Teenager Charley wins battle of nerves at Women's British Open
20:35 GMT, 13 September 2012
Standing on the first tee at the Ricoh Women's British Open and treating it like a game with your friends sounds like rule one in a sports psychologist's manual.
Far easier said than done, surely Maybe it helps if you're 16 years of age and have already given the paid ranks glimpses of your burgeoning promise.
Focused: England's Charley Hull lines up a putt
England's No 1 Melissa Reid played with the teen in question, Charley Hull recently and came away raving about her mental acumen. So it was that the nerveless Hull underlined her considerable potential by becoming one of the few players to shoot under par on the opening day at Royal Liverpool.
I know it's a major but that's how I think about it, like I'm out with my mates and I enjoy courses like this one that are long and challenging,' said Hull, following a one under par score of 71 that left her just a stroke off the lead held by South Koreans Heiji Kang and So Yeon Ryu.
Hull, from Woburn, shot the same total in the year's first major, the Kraft Nabisco in California, only to follow it with a 77. She's keen to show what she's learned from that experience.
'In the second round in California I got under pressure and started to hit the ball too hard but I rebounded well in the third round with a 68,' said Hull. 'I learned then just to swing slower and keep taking it shot by shot and hole by hole and that's what I will be telling myself here.'
Treating it like another round with her pals might help as well.
Charley Hull (amateur)
With New Zealand's 15 year old sensation Lydia Ko shooting 72, this was a day when the two youngest players in the event rather stole the show. Like her Curtis Cup team mate Hull, 21 year old Holly Clyburn from Cleethorpes came through Monday qualifying and shot 72.
As if to emphasise the shifting scene, America's much-decorated Juli Inkster, now 52, could only manage a 79, while 48 year old Laura Davies fared even worse with an 80. Perhaps you needed to be very young to cope with the crushingly slow pace of play.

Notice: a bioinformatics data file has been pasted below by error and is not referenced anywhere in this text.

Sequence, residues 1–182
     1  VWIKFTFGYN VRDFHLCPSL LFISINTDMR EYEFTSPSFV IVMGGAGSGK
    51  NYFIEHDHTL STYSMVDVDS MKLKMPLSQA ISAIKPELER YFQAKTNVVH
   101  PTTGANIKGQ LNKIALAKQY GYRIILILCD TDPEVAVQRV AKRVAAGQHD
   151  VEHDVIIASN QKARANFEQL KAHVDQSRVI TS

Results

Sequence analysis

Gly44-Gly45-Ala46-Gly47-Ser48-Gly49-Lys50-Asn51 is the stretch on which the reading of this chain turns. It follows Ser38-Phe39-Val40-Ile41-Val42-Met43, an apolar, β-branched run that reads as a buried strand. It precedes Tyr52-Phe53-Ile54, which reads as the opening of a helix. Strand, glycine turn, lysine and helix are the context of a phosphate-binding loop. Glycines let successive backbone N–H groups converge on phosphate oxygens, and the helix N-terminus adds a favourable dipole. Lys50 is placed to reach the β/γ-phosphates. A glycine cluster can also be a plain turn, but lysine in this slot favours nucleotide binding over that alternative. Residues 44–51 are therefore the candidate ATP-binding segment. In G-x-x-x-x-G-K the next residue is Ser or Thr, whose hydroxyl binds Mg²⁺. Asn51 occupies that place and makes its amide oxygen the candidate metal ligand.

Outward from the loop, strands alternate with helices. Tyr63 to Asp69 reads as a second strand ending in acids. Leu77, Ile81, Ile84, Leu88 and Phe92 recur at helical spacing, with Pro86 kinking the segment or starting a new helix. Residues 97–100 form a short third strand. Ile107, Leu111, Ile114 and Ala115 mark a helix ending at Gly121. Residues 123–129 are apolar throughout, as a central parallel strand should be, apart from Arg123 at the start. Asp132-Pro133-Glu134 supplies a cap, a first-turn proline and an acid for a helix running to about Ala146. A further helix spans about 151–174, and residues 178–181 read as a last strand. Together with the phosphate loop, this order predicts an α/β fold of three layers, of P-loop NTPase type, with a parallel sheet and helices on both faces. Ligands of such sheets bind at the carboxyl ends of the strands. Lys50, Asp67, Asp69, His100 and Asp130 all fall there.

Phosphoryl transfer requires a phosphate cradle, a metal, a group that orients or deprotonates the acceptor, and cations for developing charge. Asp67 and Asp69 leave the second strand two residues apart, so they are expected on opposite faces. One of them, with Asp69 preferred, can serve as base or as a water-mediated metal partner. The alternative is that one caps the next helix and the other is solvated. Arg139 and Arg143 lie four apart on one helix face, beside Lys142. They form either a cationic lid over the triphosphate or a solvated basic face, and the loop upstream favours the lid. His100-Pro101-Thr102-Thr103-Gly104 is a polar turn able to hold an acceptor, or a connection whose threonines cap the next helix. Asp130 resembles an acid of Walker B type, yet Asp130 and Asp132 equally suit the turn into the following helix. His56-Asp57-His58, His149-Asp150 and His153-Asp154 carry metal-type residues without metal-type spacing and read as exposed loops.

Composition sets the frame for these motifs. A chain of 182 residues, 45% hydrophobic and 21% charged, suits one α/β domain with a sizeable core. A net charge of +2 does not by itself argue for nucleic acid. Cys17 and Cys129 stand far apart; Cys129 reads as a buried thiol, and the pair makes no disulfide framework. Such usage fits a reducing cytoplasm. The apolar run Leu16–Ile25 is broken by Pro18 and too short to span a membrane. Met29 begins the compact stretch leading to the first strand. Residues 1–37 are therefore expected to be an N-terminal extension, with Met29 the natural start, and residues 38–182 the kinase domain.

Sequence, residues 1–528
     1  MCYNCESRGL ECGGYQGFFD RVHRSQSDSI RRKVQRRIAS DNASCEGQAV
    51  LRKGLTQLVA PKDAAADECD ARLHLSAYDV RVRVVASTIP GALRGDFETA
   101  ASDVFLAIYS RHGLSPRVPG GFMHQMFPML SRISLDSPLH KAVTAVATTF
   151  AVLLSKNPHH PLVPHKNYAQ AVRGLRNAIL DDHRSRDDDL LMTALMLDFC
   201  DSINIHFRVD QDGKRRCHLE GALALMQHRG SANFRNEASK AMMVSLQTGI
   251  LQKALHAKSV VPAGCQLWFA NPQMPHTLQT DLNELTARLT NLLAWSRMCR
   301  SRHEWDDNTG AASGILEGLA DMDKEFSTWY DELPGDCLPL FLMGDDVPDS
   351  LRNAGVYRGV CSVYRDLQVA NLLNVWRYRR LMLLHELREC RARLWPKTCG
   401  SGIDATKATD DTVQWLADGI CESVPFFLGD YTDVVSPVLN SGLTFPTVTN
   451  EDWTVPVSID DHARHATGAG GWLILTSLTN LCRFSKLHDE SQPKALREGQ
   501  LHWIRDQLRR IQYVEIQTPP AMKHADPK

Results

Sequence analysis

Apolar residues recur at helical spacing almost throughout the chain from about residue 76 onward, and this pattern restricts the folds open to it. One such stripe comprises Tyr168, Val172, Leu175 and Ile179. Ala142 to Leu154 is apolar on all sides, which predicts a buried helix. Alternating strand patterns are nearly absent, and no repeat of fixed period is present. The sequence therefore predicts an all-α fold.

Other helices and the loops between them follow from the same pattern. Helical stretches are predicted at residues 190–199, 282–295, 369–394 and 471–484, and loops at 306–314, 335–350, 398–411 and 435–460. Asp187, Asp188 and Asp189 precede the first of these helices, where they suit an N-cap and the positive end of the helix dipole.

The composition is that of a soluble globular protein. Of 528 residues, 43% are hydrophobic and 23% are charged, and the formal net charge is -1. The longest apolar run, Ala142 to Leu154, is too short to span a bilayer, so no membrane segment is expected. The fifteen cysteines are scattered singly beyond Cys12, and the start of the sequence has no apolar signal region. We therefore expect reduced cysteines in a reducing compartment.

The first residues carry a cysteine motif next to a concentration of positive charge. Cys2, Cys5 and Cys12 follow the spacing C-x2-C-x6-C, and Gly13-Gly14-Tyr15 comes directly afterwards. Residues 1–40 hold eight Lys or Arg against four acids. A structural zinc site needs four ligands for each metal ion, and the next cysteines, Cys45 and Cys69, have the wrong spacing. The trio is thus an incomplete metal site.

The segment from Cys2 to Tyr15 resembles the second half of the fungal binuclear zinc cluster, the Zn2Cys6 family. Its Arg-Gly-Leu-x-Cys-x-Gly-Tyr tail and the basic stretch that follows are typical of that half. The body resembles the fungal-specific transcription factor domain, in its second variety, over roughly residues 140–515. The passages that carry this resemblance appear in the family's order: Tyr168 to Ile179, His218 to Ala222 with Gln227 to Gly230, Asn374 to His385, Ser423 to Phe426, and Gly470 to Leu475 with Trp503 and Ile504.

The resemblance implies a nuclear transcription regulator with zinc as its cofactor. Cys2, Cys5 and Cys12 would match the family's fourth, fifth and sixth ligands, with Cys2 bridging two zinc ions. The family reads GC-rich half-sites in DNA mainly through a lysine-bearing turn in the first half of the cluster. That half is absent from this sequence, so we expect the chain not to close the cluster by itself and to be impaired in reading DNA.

Davies, who has always played the game with refreshing briskness, delivered her own withering commentary by appearing to fall asleep on the 8th tee, while waiting for the backlog to clear.
The wind picked up during the afternoon and the two young stars of the British professional scene, Melissa Reid and Carly Booth both struggled, signing for scores of 77.
Booth looked devastated at the finish of her first major championship round, one that had seen her struggle off the tee, and this is not a course you can play from the rough. 'I couldn't keep the ball on the fairway and pretty much everything was just off,' said the 20 year old Scot. 'The conditions were really tough as well.'
Struggle: Laura Davies
Booth was in good company in failing to cope, mind. In 2006 when the men's Open returned here after an absence of 39 years, the sun shone brightly, the fairways were parched and there was little wind. Here it is green, the rough is up and all it took was a typical breeze of 15mph for a telling reminder of what a truly forbidding links this can be.
'If you didn't have total control of your ball out there, you had no chance,' said former champion Karen Stupples, who shot 76 and was just one of many who will return today with a little trepidation in her heart. The forecast is for winds of up to 45mph, and if that happens there will be some embarrassing numbers posted. Imagine how Reid's French playing partner, Anne-Lise Caudal is going to feel, for example. She shot 87 in yesterday's conditions.
Catriona Matthew, winner of this title on the Lancashire coastline three years ago, fared little better than Booth, labouring to a round of 76. At the other end of the scale, 21 year old Kang opened with a bogey but thereafter was almost flawless, keeping the ball out of the penal rough and the notoriously difficult bunkers to post her 70. As if to emphasise the nature of the challenge, it was the highest leading score since this event became a major in 2001.
As for the big name Americans, Paula Creamer did well enough with a 73 but Michelle Wie has had a poor year by her standards and it didn't get much better with a 75, with all the damage being done during an outward half of 39. At least the 22 year old didn't lose her sense of perspective. As she came towards the recorder's hut, she acknowledged a couple of young girls who had come straight from school to watch.